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Governor Declares a State of Emergency : Medflies: His declaration cites 'extreme peril' to agriculture. It was needed before malathion spraying could begin over populated areas.

October 08, 1994|JOANNA M. MILLER | TIMES STAFF WRITER

As the Medfly infestation in eastern Camarillo widened, Gov. Pete Wilson on Friday declared a state of emergency in Ventura County that cited conditions of "extreme peril to the agriculture industry."

Wilson's declaration came one day after aerial malathion spraying was ordered over a 16-square-mile area of fields and residences in eastern Camarillo and Somis to prevent the spread of the county's first Mediterranean fruit fly infestation.

Aerial spraying of the region--containing a population of 29,000--begins at 9 p.m. Wednesday barring bad weather, and will continue every two weeks for about six months. Wilson's emergency order was needed before helicopters could begin an air assault over any populated area.

"We're going into the air because the potential for loss of crops in Ventura County is so great and the number of people employed in agriculture there so many," Wilson spokeswoman Kristine Berman said. "We could also face an embargo from Japan or domestically."

In addition to the aerial spraying of residential areas--which required the governor's approval--some growers in the spray zone and the wider 86-square-mile quarantine area imposed earlier this week were proceeding with plans of their own for low-level aerial malathion spraying limited strictly to fields and orchards.

Although aerial spraying of malathion over agricultural areas receives little attention in the absence of Medfly infestations, it is a relatively routine practice. As long as the spraying is confined to fields, no special approval by the governor is required.

The aerial spraying zone announced Thursday is limited to eastern Camarillo and a stretch of unincorporated county land around Somis. But the larger quarantine area extends into parts of Moorpark and Thousand Oaks. Growers in those areas with fruit that is a host for Medflies will have to pay for low-level aerial spraying of malathion on their fields if they want to ship their produce outside the quarantine area.

In justifying the need for the aerial spraying, county Agriculture Commissioner Earl McPhail estimated that up to 22,000 people work in the agriculture industry in the county and up to $439 million in crops could be at risk.

In a Ventura County emergency declaration Tuesday, Sheriff Larry Carpenter asked the governor to seek a federal declaration from President Clinton. But Sean Walsh, a spokesman for the governor, said Friday that Wilson had decided to wait.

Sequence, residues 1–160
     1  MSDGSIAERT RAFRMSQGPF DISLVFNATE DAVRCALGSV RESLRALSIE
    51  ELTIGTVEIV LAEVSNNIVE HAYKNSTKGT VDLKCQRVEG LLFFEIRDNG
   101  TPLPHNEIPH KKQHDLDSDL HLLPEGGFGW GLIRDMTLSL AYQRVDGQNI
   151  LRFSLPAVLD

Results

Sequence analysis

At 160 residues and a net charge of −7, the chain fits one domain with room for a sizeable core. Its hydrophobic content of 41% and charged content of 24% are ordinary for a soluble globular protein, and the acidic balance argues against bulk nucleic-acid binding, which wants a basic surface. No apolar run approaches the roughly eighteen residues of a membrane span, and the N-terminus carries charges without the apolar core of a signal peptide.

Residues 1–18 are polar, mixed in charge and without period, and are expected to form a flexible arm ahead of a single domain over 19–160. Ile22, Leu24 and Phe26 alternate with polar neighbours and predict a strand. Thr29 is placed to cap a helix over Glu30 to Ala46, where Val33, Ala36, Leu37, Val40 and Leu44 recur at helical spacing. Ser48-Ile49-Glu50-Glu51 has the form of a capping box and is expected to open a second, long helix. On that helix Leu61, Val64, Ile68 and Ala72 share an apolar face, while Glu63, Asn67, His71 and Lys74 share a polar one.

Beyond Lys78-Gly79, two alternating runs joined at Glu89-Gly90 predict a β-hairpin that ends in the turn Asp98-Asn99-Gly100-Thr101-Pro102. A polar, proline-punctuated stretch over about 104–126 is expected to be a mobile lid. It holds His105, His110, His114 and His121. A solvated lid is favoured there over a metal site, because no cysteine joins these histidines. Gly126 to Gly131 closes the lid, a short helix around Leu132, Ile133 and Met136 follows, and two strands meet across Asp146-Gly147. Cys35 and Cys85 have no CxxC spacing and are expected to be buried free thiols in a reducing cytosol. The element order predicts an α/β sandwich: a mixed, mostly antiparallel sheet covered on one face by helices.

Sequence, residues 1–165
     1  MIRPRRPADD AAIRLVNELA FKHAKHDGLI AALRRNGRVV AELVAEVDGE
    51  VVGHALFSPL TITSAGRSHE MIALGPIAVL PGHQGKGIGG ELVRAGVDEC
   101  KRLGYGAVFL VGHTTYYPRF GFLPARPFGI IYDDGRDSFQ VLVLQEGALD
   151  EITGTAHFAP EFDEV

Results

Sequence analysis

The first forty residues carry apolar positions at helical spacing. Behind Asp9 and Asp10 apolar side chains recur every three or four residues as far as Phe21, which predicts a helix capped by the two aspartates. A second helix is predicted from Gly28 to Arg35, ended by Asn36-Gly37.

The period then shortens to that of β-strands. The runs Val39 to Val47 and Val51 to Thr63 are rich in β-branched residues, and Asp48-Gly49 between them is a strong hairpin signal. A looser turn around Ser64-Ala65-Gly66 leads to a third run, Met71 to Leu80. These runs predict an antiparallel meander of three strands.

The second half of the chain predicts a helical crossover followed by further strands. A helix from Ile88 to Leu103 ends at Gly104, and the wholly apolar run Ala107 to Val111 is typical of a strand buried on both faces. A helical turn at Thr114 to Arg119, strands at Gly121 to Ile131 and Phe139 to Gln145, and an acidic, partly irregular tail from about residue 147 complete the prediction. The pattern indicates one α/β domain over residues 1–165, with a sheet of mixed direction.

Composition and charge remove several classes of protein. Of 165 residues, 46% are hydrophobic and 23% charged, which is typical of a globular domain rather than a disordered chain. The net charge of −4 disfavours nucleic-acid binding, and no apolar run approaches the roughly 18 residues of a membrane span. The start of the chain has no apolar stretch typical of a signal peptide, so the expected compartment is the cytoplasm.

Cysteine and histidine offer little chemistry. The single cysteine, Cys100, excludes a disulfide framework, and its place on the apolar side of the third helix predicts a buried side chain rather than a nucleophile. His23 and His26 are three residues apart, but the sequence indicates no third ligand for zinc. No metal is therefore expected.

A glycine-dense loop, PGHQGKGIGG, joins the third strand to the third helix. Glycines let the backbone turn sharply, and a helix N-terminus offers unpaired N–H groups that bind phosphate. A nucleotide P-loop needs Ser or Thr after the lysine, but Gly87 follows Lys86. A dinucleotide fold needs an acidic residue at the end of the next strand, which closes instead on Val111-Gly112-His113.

"Because we acted so quickly, we expect to knock this pest down so quickly that costs will be minimal and we won't need a federal emergency declaration," Walsh said. At this point, no disaster funds are considered available to growers, but assessments of damages will continue through the quarantine period, he said.

A delegation from Japan, which buys about one-third of the county's $216-million lemon crop and substantial quantities of oranges and avocados, will arrive in California Tuesday.

They will tour the Cooperative Medfly Project facilities in Los Angeles County, where a team of state and federal agriculture officials oversees the state's Medfly eradication programs, before coming to Ventura County.

The delegation is expected to arrive in Camarillo on Wednesday, said Rex Laird, executive director of the Ventura County Farm Bureau.

"They will be looking for our level of diligence in controlling the infestation, how organized we are and how well we can track the fruit from the packinghouse through the Port of Hueneme to exclude exposure to them," he said.

Although the Japanese will not accept any fruit from within the 86-square-mile quarantine area, growers and state and local officials fear Japan may place an embargo on the entire county, or possibly the state.

"A lot depends on what happens next week when the Japanese tour the area," Laird said. But he said the potential for financial disaster with the Medfly infestation is great.

"In all my 14 years in the county, through frost and flood and drought, I can't think of anything worse for potential across-the-board losses in the county than this."

The new finds confirmed Friday brought the total Medfly count to three egg-carrying females and 60 males. All males were found within a quarter-mile of the site where the first two females were found last week, in the center of a grove on the grounds of St. John's Seminary.

The most recent female fly found was more than a mile from the original site, still within the grove and away from the road.

Since Los Angeles County began its program of releasing sterile males to mate with fertile female Medflies four years ago, the sterile flies have been routinely found in Ventura County along major routes and highways.

Based on those finds, Laird said he always expected that any Medfly infestation would be found along a major highway or route, and not in the center of an orchard.

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